John Prine — Self-titled 1971 debut by the American country/folk master singer-songwriter
180-gram 45 RPM double LP release from Analogue Productions!
Mastered directly from the original master tape by Ryan K. Smith
Pressed at Quality Record Pressings
Tip-on old style gatefold double pocket jackets with film lamination by Stoughton Printing
On April 7, 2020, John Prine died a victim of the COVID-19 pandemic after a storied career as a singer/songwriter. His first album, John Prine, released in September 1971, marked the beginning of Prine’s long musical journey. But Prine’s start as a talented songwriter began years before that in Maywood, Illinois.
Music journalist Erin Osmon, who traced the history leading up the album, spoke with Wisconsin Public Radio about the brilliance of Prine’s songwriting and how he could write such memorable songs.
“I think he did it because he kept it simple. When we think about great Midwestern songwriters, of course Bob Dylan comes to mind. But you know, many people compared Prine and Bob Dylan when Prine’s self-titled album came out,” Osmon said. “But with Prine, there was such a sense of simplicity and modesty. Prine never wanted to alienate the listener. On the contrary, he wanted to invite as many people as possible. That’s why he wrote such simple yet profound statements through his lyrics.”
Prine’s musical experience began when his older brother Dave introduced him to the Old Town School of Folk Music in Chicago. Prine met Ray Tate, the lead guitar teacher at OTS. Tate described Prine as a focused, dedicated student who wanted to learn fingerpicking and fingerstyle guitar.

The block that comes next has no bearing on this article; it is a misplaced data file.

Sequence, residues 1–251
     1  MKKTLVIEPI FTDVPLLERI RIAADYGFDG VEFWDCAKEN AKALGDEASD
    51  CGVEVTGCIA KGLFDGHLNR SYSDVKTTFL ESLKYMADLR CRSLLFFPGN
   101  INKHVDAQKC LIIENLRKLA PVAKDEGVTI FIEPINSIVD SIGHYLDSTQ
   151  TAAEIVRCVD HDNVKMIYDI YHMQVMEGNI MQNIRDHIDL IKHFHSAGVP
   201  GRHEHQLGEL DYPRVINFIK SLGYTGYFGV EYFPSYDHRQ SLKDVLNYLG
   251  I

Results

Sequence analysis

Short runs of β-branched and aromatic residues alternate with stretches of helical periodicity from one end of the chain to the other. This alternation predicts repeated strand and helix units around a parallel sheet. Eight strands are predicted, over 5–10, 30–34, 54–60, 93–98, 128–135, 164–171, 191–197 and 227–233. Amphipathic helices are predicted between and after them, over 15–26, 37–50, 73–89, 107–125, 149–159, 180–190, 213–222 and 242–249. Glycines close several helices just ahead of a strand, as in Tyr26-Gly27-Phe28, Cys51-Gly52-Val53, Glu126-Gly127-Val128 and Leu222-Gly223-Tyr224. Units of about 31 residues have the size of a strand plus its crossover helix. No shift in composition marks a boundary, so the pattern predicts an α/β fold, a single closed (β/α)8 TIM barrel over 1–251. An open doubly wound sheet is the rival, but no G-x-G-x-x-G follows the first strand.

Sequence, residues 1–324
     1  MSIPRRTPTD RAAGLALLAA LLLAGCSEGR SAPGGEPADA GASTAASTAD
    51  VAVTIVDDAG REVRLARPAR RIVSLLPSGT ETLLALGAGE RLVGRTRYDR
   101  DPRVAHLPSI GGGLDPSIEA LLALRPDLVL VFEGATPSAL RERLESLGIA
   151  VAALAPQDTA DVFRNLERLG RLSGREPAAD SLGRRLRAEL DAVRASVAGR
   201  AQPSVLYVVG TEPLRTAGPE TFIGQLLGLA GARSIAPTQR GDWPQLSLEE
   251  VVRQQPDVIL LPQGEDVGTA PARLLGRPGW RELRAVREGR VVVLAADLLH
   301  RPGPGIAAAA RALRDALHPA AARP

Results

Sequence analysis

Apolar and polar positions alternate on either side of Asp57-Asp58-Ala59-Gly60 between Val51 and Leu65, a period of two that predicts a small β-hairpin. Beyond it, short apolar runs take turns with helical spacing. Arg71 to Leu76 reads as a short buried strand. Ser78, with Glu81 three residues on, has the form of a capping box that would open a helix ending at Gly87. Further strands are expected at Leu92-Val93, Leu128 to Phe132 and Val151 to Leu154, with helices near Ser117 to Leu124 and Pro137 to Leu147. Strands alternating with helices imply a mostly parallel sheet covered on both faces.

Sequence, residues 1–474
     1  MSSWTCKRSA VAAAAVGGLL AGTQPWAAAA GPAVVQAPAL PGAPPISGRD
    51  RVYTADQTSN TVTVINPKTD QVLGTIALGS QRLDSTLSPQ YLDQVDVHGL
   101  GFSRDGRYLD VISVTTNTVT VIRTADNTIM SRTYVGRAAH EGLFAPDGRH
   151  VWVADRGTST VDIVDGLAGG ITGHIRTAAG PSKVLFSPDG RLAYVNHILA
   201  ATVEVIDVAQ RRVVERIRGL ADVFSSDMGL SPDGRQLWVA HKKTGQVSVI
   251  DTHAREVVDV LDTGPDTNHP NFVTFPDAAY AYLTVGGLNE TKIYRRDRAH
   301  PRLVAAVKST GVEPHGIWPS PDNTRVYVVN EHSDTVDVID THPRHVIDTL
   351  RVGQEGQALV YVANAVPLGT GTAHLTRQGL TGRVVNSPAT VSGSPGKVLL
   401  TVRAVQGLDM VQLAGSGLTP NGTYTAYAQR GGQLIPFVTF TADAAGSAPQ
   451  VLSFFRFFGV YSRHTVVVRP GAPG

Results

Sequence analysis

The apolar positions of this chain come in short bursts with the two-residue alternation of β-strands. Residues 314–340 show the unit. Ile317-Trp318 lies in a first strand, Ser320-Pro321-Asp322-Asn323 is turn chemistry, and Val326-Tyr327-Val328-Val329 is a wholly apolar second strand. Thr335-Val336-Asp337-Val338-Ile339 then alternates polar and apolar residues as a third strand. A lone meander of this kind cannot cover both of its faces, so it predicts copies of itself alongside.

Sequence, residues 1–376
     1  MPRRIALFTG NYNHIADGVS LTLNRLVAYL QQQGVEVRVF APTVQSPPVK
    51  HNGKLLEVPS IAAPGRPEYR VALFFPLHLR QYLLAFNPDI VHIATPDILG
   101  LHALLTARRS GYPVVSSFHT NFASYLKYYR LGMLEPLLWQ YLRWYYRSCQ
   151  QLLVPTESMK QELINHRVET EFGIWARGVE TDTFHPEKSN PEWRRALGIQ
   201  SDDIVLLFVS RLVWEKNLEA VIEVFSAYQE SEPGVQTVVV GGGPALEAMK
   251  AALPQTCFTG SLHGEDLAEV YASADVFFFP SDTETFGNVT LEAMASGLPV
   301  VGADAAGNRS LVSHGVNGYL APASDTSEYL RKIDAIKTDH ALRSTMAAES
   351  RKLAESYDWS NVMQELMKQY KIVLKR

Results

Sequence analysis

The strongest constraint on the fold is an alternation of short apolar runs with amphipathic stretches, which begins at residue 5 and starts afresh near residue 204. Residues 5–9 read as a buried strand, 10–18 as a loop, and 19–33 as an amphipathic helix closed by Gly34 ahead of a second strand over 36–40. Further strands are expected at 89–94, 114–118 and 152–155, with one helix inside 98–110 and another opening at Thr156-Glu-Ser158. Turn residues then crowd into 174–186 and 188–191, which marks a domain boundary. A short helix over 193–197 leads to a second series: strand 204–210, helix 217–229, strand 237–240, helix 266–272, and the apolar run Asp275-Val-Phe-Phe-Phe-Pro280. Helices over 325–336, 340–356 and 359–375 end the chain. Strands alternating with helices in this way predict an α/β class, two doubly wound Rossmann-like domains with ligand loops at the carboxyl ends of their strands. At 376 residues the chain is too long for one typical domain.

Later Tate, and other instructors at OTS founded a club called the 5th Peg right across the street from the Old Town School, which is the first place Prine appeared on stage. One night a young arts critic from the Chicago Sun-Times, by the name of Roger Ebert, happened into the 5th Peg and caught Prine’s set.
Music wasn’t Ebert’s beat. But after Ebert saw Prine’s set, he felt moved enough to share the news of a new local talent,” Osmon recalled. “And from there, all of Chicago took notice because Roger was a respected critic by then. He was a Chicago personality, and that made Chicagoans take note. After Roger’s review, folks started trickling in. They wanted to be at the feet of the singing mailman.”
Through some chance encounters, with singer-songwriter Kris Kristofferson and others, Prine wound up signed to Atlantic Records. Prine recorded his debut album at American Sound Studios in Memphis; the band for the recording was a studio session group called the Memphis Boys, the Memphis equivalent of the Los Angeles session band, the Wrecking Crew.
“They know that record labels hire them to make hits, and if they don’t deliver on that, they fail,” Osmon said. “They knew correctly that Prine’s stuff was really about the lyrics. So eventually, they all kind of dove into the songs and paid close attention to the lyrics, trying to highlight the words as much as they could.”
The album became an instant hit with songs such as “Illegal Smile,” “Hello In There,” “Sam Stone,” “Your Flag Decal Won’t Get You Into Heaven Anymore,” and of course, the classic “Angel From Montgomery.”
All the hallmarks of a top-notch Analogue Productions reissue are here for you to savor: Mastered directly from the original master tape by Ryan K. Smith at Sterling Sound and cut at 45 RPM. Pressed at Quality Record Pressings, and housed in tip-on old style gatefold double pocket jackets with film lamination by Stoughton Printing.
1. Illegal Smile
2. Spanish Pipedream
3. Hello In There
4. Sam Stone
6. Pretty Good
7. Your Flag Decal Won’t Get You Into Heaven Anymore
8. Far From Me
9. Angel From Montogomery
10. Quiet Man
11. Donald And Lydia
12. Six O’ Clock News
13. Flashback Blues